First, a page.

▲ An artist’s impression of a new international airport proposed for Jeju. Photos courtesy Jeju International Airport
When an underwater railway tunnel was just a distant possibility, the prevailing sentiment in the Jeju community was pleasant excitement mixed with a dose of skepticism. Now that the project has earned heft and reality with congressional budget approval of 1 billion won for a first feasibility study, the initial excitement on Jeju is quickly being replaced with growing anxiety and restlessness.
The biggest concern of Jeju transportation officials is that the tunnel would severely undermine all justifications for building a new international airport, for which the Jeju provincial government has for years been lobbying Seoul hard for the budget. Once a tunnel was up and running, KTX bullet trains would attract nearly 78 percent of those who currently travel by air to Jeju, according to the Korea Transport Institute, the government think-tank that first proposed the underwater tunnel early last year.
Jeju International Airport is currently the second busiest airport in Korea after Incheon International Airport, but with more than two-thirds of domestic travelers potentially switching to KTX trains, Jeju would suddenly find itself left with excess airport capacity, hence significantly weakening the merit of building a new airport.
Jeju officials have long envisioned an ultra-modern airport complete with two sets of runways, where planes from all over the world could take off and land 24 hours a day - a feature they believe would greatly enhance the accessibility of Jeju for international visitors, and true to the vision of Jeju as a “Free International City.” “We are not really against the underwater bullet train project to Jeju,” a senior Jeju official was quoted by a local daily as saying, “but the new international airport should be built first before the construction of a bullet train link with the mainland can start.”
Korail hinted recently, however, that KTX trains will soon link key local cities directly with Incheon International Airport, whisking away travelers from the doorstep of Korea’s international hub to their final destinations. If this happens, overseas travelers could transit at Incheon to KTX bullet trains for a two-and-half hour train ride to Jeju, undermining again the need for building another airport on the island.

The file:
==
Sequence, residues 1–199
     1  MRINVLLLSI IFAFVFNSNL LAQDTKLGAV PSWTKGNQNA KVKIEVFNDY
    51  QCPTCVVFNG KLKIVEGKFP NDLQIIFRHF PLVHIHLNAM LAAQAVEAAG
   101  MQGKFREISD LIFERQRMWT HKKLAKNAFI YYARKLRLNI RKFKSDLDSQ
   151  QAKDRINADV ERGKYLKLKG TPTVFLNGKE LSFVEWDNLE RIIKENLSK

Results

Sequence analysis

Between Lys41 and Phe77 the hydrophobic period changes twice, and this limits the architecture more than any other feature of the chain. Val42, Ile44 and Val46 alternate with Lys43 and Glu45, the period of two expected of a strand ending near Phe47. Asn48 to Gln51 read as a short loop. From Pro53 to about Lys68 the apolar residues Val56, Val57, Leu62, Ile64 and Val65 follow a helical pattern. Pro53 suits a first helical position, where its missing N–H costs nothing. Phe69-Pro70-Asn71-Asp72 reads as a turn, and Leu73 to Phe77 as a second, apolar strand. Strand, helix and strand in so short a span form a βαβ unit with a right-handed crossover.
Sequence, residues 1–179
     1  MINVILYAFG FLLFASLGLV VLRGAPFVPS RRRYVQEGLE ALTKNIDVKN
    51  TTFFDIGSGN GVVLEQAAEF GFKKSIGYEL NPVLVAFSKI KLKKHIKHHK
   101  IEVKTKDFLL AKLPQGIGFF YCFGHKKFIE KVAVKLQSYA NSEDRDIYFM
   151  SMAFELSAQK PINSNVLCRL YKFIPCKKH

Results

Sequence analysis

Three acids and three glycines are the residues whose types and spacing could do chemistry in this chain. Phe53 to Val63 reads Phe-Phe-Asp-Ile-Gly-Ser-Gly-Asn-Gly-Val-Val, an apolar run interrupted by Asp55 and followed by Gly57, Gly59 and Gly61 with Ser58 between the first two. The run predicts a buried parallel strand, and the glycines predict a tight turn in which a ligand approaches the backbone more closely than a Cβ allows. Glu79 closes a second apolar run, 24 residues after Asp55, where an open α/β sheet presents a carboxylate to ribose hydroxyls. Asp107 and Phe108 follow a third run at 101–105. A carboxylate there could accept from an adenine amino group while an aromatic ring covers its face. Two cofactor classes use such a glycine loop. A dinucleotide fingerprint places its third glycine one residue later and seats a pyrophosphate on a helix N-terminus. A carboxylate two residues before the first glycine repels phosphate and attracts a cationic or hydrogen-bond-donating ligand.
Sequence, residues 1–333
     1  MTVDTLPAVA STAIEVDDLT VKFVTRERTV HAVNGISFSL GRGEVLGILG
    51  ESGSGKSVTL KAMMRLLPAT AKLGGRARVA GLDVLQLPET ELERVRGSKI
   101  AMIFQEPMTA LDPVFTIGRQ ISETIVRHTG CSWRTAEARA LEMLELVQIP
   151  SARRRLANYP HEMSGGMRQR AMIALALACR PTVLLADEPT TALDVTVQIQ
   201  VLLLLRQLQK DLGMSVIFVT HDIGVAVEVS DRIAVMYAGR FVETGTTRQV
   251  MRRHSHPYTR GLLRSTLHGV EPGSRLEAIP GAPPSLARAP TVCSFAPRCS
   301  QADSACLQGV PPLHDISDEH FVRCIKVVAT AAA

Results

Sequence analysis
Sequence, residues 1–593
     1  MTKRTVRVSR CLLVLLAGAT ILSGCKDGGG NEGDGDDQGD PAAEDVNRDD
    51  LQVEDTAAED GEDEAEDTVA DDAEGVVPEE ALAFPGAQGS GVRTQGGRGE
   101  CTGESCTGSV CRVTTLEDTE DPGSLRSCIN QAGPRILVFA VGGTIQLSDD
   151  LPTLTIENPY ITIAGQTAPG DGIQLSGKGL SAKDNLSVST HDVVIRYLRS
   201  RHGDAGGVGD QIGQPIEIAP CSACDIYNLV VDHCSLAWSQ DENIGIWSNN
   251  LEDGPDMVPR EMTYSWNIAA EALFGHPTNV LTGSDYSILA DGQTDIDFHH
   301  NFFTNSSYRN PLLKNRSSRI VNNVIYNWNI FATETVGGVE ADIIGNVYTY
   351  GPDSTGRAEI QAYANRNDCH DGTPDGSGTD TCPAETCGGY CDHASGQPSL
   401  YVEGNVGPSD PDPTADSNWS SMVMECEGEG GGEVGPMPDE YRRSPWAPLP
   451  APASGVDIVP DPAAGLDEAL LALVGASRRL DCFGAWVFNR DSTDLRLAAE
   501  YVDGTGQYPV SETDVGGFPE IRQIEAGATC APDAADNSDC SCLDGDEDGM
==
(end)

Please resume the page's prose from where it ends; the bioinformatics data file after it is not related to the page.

Many welcome the bullet train project, arguing that the under-water rail tunnel would mark a turning point for the Jeju economy. A high-speed rail link to Seoul would trigger a consolidation of Jeju with the mega-economy of Seoul, some predict, opening an entirely new array of economic opportunities for the island. If that scenario ever comes true, achieving a target of 10 million visitors to Jeju each year would not be a distant dream anymore.
Economic concerns aside, one thing is quite evident about the potential impact of an underwater rail tunnel: Having trains running to Jeju would slash Jeju’s global carbon footprint dramatically, as the tunnel would inevitably reduce the number of flights from the mainland to Jeju. The Gimpo, Seoul, and Jeju route was ranked the world’s busiest city-pair in a recent survey by OAG Travel Service, with a daily average of 159 flights. Air flight has been notorious the world over for its disproportionate contribution to the explosion of global greenhouse gases.
Jeju officials nervous about the potential delay or even a complete halt to the new airport project can take solace in one positive prospect: They may be able to highlight the dramatic impact of the underwater rail tunnel in reducing greenhouse gases when they greet thousands of international delegates attending the 2012 World Conservation Congress to be held in Jeju.
ⓒ Jeju Weekly 2009 (http://www.jejuweekly.com)
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